If you have ever received a gift where the wrapping felt more impressive than the contents of the parcel, you may sympathise with some of the opinions expressed by nurses about the government’s full response to Francis last week.
Don’t get me wrong. I think there’s a lot of positive stuff in the response. And as Robert Francis QC himself told our reporter Shaun Lintern last week, he does believe that the recommendations the government has taken on board and committed to will make the healthcare system safer for patients - which is the ultimate aim.
But the headlines don’t always tell the full picture, and we should encourage the government - and the profession - to look deeper.
Saying that it has taken on board all but nine recommendations is not quite an accurate representation of what has happened. In fact, 57 have been accepted “in principle” and 20 “in part”. And some of its response requires a little more detail.
So what do we like? Well anyone who’s been calling for safe staffing levels will be pleased with the idea of regularly publishing these for all to see, as we revealed exclusively in 13 November issue.
The timing of the chief nursing officer for England’s summit couldn’t be better in gathering together senior nurses to discuss how to prevent another Mid Staffs
Since Mr Francis recommended using NICE guidance to set staffing levels, there has been some scepticism about how this would work, but it seems to be shaping up to be more specific and broader than some pundits (and even we) thought. The first guideline will focus on adult inpatient wards. Taken area by area, it could help to indicate the right number of nurses to match patient acuity and ensure those with complex needs receive the right nursing care.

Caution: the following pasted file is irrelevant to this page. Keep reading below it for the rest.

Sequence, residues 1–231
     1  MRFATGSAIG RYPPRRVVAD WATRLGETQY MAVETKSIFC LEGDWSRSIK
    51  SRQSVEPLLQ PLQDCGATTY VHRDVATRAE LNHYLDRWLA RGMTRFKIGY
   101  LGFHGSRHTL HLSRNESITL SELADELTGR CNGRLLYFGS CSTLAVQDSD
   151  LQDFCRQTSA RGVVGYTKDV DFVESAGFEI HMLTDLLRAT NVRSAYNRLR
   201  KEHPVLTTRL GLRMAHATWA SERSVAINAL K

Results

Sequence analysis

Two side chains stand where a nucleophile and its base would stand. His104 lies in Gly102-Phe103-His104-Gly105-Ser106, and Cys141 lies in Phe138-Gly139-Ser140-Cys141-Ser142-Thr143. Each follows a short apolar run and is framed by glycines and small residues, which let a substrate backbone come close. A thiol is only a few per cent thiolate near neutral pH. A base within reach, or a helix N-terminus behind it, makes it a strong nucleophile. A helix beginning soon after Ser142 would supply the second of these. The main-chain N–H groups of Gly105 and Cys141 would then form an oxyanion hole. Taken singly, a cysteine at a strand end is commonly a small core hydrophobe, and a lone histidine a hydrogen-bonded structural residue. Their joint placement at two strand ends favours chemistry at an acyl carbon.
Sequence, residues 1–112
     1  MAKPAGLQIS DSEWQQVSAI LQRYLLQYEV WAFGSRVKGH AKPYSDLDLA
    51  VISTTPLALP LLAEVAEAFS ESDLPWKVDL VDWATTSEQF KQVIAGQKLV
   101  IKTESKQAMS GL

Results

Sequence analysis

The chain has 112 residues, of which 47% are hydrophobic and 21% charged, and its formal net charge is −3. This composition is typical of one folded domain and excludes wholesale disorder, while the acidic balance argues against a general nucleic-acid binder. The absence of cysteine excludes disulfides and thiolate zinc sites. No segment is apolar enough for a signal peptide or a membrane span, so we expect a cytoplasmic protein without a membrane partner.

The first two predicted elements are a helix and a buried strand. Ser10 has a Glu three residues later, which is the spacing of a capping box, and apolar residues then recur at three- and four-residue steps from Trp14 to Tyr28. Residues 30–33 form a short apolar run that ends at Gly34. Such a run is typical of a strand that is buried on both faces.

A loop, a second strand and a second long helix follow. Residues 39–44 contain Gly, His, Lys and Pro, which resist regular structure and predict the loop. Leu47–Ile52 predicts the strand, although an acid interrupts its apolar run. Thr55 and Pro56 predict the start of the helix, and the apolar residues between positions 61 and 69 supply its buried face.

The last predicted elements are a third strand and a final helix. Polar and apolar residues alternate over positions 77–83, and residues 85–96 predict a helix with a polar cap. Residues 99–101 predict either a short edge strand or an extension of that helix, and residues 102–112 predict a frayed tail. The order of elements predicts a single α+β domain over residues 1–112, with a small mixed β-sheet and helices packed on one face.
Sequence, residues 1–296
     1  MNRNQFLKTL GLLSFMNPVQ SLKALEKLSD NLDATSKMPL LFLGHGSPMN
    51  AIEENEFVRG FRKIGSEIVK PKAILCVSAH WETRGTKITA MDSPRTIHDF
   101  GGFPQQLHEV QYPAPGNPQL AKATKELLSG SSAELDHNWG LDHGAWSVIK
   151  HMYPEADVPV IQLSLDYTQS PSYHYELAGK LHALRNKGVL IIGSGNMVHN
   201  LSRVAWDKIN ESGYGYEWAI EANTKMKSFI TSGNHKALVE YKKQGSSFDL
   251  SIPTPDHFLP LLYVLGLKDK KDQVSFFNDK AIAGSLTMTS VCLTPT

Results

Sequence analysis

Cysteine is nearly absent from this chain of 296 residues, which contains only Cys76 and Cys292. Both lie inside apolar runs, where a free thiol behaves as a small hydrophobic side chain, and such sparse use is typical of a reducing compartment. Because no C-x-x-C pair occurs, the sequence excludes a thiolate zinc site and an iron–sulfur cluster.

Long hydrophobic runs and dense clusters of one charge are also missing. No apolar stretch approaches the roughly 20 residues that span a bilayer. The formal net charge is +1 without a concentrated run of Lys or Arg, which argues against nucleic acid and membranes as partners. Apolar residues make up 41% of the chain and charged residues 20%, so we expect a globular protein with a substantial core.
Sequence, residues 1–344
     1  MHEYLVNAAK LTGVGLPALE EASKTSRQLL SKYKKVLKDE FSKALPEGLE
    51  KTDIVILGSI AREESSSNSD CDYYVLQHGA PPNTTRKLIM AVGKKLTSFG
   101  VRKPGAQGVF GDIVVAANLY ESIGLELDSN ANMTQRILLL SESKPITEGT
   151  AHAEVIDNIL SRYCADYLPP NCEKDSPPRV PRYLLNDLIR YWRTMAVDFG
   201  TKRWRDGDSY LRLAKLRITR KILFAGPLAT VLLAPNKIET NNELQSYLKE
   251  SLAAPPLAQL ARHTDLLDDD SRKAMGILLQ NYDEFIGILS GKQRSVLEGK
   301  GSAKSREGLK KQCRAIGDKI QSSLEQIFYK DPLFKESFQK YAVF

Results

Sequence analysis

We’d have liked to have seen the government enforcing the use of named nurses and giving ward sisters mandatory supervisory status rather than just encouraging this. And regulating healthcare assistants would have made the biggest difference to standards of care. Virtually everyone who touches patients is regulated, except those who often provide the most hands-on care.
This response encourages nurses to take up good ideas, but it leaves much of the responsibility for doing so to the profession. So the timing of the chief nursing officer for England’s summit this week couldn’t be better in gathering together senior nurses to discuss how to prevent another Mid Staffs. It will be interesting to hear their debate. It is everyone’s responsibility to ensure history is not repeated. All staff must ensure Francis isn’t another report consigned to history, but the catalyst for a better NHS.
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Jenni Middleton, editor
firstname.lastname@example.org. Follow me on Twitter @nursingtimesed